A small group of researchers, including Dennis Kurzbach from the Faculty of Chemistry of the University of Vienna, have described an advanced NMR method to monitor fast and complicated biomolecular events such as protein folding. For example, protein folding was long considered as one of the great mysteries of modern research. This crucial process during which amino acid chains adopt a 3D structure and functionality, takes place within milliseconds. Being this fast, protein folding events could often not be characterised by NMR spectroscopy; the standard method for studying molecular structures. Employing hyperpolarised water, researchers have now developed a method that dramatically enhances the signals of the proteins, nucleic acids and other biomolecules. This renders monitoring of processes such as protein folding possible.
With hyperpolarisation methods, more precisely dissolution dynamic nuclear polarisation (D-DNP), a signal enhancement of over 10,000-fold is possible. “The hyperpolarised water acts as a booster for the NMR signals of a protein during the measurement. The hydrogen nuclei of the hyperpolarised water are exchanged with those of the proteins, thus transferring the signal strength to the latter”, says Dennis Kurzbach.
With the new method, the researchers can record an NMR spectrum every 100 ms and use it to track the 3-D coordinates of individual amino acids and how they change over time. “This allows us to monitor processes that occur in milliseconds and distinguish individual atoms”, says Dennis Kurzbach.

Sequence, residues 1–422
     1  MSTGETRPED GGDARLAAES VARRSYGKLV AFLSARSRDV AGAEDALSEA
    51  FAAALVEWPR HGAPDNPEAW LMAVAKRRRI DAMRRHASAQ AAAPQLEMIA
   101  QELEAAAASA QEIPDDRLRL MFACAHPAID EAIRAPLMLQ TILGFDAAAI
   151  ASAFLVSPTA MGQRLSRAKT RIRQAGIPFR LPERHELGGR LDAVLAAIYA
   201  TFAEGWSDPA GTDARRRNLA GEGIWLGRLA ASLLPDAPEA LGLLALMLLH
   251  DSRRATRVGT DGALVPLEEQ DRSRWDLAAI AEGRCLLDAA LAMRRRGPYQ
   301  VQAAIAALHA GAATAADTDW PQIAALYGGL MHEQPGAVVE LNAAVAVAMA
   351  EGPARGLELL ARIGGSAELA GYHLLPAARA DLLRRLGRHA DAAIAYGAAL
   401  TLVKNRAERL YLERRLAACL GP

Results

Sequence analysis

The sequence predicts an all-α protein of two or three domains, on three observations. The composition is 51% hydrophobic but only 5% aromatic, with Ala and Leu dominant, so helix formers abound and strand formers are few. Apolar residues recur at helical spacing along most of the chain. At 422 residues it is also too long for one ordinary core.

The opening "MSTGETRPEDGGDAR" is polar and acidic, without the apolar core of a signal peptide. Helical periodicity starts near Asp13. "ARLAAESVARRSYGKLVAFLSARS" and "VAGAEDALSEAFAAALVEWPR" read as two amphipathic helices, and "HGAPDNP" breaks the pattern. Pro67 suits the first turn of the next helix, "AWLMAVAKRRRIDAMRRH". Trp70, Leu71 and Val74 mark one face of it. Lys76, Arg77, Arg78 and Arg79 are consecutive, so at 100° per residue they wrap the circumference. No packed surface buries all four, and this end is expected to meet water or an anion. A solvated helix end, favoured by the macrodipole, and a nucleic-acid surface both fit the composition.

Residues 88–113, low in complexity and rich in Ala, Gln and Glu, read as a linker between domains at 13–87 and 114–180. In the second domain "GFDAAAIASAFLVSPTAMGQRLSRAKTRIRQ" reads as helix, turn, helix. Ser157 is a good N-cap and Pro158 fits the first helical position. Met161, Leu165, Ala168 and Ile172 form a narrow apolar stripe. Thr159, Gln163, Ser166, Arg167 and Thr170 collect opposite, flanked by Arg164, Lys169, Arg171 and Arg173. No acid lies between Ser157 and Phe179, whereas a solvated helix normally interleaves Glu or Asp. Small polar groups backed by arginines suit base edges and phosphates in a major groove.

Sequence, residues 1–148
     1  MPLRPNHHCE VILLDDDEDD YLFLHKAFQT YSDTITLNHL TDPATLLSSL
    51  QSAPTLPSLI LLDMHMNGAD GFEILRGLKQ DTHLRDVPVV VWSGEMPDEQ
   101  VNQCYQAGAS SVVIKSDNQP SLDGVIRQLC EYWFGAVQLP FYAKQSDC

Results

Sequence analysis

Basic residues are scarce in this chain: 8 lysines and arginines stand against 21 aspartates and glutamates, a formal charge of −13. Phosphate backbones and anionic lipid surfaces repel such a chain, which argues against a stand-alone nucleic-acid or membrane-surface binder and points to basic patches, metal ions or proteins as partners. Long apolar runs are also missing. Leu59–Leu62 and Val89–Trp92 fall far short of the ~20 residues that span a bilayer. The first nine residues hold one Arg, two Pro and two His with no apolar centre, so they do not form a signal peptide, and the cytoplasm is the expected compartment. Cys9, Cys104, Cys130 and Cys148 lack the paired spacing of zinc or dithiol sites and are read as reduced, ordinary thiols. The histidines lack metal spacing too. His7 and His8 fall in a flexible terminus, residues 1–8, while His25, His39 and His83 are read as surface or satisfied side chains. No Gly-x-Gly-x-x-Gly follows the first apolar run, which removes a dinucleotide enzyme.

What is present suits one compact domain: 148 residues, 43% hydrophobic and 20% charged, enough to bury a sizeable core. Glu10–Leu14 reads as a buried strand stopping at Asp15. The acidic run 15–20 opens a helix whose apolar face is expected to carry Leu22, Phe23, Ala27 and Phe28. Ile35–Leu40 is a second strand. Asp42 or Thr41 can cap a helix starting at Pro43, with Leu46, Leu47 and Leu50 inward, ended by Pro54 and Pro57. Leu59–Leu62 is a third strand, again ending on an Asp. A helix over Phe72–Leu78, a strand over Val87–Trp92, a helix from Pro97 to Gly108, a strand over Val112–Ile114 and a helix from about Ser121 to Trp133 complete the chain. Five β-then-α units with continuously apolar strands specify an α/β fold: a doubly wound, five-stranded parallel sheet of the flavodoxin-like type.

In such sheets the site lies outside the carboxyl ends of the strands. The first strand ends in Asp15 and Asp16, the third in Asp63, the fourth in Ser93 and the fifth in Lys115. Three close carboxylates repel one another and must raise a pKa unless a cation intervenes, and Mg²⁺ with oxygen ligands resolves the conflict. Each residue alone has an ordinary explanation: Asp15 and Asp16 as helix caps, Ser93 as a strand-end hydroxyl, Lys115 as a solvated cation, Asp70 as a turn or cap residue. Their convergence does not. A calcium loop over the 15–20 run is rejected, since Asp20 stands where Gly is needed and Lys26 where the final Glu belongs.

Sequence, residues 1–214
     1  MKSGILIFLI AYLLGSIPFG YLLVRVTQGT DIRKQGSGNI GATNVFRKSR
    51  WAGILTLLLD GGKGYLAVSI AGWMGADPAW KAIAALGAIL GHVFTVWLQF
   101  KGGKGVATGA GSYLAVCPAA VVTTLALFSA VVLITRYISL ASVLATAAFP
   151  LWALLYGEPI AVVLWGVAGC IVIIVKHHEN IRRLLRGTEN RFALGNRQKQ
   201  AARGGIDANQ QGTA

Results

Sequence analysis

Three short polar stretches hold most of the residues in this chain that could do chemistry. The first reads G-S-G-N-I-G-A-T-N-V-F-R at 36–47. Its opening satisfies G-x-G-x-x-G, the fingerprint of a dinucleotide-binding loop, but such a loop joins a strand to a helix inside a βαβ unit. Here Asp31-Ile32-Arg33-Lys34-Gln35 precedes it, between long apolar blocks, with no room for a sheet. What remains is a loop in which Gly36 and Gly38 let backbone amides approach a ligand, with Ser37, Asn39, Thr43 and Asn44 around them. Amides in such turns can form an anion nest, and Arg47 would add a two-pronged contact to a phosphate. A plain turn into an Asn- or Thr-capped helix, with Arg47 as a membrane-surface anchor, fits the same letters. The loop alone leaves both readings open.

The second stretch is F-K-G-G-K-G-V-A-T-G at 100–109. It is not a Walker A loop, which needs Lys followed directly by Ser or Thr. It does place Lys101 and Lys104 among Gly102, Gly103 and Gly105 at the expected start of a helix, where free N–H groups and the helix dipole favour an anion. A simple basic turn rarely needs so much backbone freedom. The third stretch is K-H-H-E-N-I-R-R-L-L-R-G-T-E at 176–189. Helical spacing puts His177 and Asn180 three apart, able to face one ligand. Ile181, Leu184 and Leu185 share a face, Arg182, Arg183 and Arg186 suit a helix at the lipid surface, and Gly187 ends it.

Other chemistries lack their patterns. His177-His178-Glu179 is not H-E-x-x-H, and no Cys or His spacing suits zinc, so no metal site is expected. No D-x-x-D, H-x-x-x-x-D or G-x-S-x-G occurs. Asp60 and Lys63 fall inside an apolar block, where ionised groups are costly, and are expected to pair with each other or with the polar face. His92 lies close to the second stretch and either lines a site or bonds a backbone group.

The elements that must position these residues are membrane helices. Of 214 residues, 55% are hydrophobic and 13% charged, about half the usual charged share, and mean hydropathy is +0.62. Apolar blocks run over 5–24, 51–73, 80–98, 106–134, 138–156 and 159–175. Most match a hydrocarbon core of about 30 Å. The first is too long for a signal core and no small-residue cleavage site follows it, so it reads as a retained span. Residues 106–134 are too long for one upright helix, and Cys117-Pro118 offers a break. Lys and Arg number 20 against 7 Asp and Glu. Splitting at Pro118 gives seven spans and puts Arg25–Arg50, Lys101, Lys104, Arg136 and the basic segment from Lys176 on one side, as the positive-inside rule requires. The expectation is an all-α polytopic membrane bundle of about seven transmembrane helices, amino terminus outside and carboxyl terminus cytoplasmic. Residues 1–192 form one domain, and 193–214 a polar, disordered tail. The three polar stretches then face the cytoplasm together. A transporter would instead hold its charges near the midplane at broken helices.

In their study the authors describe their technique in detail, from hyperpolarisation to the transfer of the hyperpolarised water to the NMR spectrometer, to the mixing of the hyperpolarised water with the sample solution, and the NMR measurement. In addition, they present six examples for method application, including the observation of protein folding or even the interactions of RNA (nucleic acids) and RNA-binding proteins as the basis for gene expressions in the cell. According to the scientists, the new method can be used for specific studies of RNA, DNA and polypeptides, especially when signal enhancement reaches the “magic” number of 1000-fold.